Veronique de Turenne
The pulse and passion of flamenco take center stage in Sarah Bird's ambitious sixth novel. It's a tale of love and longing and transformation, one the gypsies who created the dance form centuries ago would surely understand.
With her pale skin, pale hair and the clenched fist of a last name, Cindy Rae Hrncir couldn't be further from flamenco's fiery ideal. She's a sheltered math nerd whose moves to Albuquerque in her junior year of high schools. Her father gets cancer, her mother goes nuts and Cindy Rae, now utterly alone, leads us into the frenzied heart of The Flamenco Academy.
Bird has done her research, and everything from the folklore to the footwork of flamenco is on display here. It's against this backdrop that lonely Cindy Rae falls obsessively in love with Tomas Montenegro. He's a gorgeous guitarist whose physical beauty is exceeded only — and just barely — by his artistry. For Rae (her character drops the "Cindy" after a few chapters) the difference between Tomas and ordinary boys is a revelation:
Where they were pink and embryonic, he was brown and fully formed. His black hair, brows, the black lashes shadowing his cheeks had an etched certainty missing in the tentative pastel fuzziness of the boys I knew.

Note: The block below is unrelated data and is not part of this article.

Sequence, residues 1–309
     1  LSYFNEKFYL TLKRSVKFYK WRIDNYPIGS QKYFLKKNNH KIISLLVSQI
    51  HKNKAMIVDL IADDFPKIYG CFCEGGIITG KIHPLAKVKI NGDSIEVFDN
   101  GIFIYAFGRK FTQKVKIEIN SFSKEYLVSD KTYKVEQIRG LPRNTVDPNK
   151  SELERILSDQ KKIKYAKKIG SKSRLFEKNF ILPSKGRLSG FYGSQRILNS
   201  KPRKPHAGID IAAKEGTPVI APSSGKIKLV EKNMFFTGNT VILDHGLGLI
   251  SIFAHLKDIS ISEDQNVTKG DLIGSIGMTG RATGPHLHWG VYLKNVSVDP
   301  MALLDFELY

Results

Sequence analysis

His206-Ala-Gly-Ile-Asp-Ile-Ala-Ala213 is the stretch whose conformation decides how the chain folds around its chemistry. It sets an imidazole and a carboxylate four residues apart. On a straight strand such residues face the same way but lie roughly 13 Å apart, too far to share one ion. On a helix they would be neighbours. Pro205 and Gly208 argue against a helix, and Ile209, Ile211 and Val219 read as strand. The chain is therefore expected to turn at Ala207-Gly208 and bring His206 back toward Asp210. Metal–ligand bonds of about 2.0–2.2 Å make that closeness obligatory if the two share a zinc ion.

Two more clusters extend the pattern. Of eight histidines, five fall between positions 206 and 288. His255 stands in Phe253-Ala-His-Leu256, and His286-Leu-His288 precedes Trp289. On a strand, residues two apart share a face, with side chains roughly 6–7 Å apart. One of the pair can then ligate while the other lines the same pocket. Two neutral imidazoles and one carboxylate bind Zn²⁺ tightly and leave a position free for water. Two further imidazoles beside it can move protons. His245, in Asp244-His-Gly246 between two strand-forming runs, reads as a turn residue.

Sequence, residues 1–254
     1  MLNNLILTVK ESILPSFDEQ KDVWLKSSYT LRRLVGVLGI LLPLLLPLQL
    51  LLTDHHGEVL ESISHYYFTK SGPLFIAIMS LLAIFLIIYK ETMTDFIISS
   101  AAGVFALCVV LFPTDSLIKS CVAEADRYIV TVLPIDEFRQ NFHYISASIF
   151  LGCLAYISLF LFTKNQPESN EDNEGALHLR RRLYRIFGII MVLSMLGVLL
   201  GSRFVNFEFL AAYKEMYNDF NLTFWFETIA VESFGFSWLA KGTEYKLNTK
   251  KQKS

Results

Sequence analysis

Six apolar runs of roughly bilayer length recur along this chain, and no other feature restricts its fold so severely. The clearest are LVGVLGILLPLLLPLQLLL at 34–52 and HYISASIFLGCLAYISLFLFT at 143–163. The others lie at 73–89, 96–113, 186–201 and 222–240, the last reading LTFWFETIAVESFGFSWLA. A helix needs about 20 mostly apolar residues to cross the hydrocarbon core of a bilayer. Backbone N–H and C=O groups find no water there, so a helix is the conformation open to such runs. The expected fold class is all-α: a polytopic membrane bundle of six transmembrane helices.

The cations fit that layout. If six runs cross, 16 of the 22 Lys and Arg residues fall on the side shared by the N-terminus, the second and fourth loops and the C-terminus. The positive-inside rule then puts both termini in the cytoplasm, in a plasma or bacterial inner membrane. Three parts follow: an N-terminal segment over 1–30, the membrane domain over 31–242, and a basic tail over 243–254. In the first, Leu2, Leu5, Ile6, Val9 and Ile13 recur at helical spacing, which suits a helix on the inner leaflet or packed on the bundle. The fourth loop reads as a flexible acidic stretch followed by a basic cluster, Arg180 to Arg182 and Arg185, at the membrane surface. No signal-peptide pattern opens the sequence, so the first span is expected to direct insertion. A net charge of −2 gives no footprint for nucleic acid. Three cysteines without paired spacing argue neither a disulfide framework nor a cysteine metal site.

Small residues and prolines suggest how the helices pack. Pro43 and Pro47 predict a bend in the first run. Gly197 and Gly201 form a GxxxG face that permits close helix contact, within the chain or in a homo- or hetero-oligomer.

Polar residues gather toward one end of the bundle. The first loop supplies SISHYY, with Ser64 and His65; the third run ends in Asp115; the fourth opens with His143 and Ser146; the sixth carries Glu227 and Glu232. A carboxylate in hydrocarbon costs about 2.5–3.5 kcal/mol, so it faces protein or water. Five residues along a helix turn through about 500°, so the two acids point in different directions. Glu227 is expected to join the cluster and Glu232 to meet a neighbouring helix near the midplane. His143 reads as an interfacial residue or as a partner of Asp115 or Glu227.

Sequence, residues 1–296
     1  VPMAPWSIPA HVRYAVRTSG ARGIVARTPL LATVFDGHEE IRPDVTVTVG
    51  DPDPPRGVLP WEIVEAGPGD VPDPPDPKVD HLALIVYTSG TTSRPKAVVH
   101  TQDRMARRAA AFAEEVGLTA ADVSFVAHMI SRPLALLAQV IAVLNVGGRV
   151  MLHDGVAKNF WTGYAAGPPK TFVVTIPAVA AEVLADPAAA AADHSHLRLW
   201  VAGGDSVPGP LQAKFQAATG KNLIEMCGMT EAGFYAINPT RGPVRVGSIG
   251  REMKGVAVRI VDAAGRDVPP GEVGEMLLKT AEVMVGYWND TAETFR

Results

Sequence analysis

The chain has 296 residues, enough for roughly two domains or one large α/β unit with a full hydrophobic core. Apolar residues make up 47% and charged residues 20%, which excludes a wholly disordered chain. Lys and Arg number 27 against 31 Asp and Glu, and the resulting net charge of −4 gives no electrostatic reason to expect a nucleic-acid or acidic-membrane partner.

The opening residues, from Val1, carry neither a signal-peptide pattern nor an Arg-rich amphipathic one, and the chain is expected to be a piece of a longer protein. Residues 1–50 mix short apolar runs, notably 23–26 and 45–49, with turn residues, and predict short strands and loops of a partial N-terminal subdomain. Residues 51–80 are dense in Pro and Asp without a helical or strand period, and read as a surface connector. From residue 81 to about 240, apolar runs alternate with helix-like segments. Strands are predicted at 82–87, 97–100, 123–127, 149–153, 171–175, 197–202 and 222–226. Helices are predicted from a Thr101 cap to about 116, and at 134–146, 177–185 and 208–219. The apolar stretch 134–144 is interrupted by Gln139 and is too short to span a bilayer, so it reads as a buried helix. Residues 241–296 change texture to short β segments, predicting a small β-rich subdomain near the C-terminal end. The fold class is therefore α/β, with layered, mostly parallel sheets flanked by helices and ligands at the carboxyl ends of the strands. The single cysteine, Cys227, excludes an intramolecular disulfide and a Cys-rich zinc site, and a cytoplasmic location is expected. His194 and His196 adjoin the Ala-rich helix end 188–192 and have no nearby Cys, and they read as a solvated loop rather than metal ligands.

Rae shares a romantic night with Tomas and her twin obsessions are born. She's got to have him, and in order to snare him she'll transform herself into the impossible — a blond, blue-eyed Texan flamenca of Czech descent. Wasting no time, she enrolls in the Flamenco Academy.
It's obvious Bird loves New Mexico and the dance form she's placed at the heart of her book. There's something of Rae's obsessive compulsive nature in the way Bird revisits and retells parts of her story, always describing flamenco at fever pitch. It's as though she can't trust herself to explain the art and grace and fire of it — and Bird is pretty sure we'll never understand. Everything is seen at eye level, moment by moment as it happens to Rae, a linear telling that robs the book of dramatic rhythm.
It's all the more frustrating then Bird takes a break from the baroque language with which she's freighted her story and zings us with observations so wry and right, she snaps us back to attention. Here she is, describing an aging flamenco guitarist:
The crowd of hardcore aficionados pounded their palms together for Diego. Nearly eighty, he padded slowly to the straight-back chair where his instrument waited. His double-knit pants, pulled up a little too high, cradled the low-slung lobes of his old-man's buttocks. He took his pants, hiking them up still farther, exposing garters holding up black socks.
It's moments like this that lead you to the heart of the tale where Rae and Tomas finally unite and their destiny plays out. The central tenet of flamenco is "give me the truth," and in the climax of her story, Bird obeys.